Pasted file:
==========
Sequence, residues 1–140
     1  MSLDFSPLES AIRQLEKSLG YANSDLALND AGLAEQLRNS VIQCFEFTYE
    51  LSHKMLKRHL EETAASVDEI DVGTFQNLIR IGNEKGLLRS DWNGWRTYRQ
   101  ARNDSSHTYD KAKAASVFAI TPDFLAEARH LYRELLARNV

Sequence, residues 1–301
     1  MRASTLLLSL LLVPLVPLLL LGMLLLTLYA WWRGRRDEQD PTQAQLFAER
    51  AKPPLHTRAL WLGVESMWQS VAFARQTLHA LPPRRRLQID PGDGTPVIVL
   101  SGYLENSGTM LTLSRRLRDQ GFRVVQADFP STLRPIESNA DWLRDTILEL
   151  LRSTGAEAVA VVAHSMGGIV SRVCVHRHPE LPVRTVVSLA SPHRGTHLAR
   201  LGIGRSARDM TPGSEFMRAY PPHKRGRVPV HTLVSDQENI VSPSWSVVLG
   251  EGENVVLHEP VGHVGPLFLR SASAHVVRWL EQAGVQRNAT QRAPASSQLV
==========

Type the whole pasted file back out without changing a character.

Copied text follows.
Sequence, residues 1–140
     1  MSLDFSPLES AIRQLEKSLG YANSDLALND AGLAEQLRNS VIQCFEFTYE
    51  LSHKMLKRHL EETAASVDEI DVGTFQNLIR IGNEKGLLRS DWNGWRTYRQ
   101  ARNDSSHTYD KAKAASVFAI TPDFLAEARH LYRELLARNV

Sequence, residues 1–301
     1  MRASTLLLSL LLVPLVPLLL LGMLLLTLYA WWRGRRDEQD PTQAQLFAER
    51  AKPPLHTRAL WLGVESMWQS VAFARQTLHA LPPRRRLQID PGDGTPVIVL
   101  SGYLENSGTM LTLSRRLRDQ GFRVVQADFP STLRPIESNA DWLRDTILEL
   151  LRSTGAEAVA VVAHSMGGIV SRVCVHRHPE LPVRTVVSLA SPHRGTHLAR
   201  LGIGRSARDM TPGSEFMRAY PPHKRGRVPV HTLVSDQENI VSPSWSVVLG
   251  EGENVVLHEP VGHVGPLFLR SASAHVVRWL EQAGVQRNAT QRAPASSQLV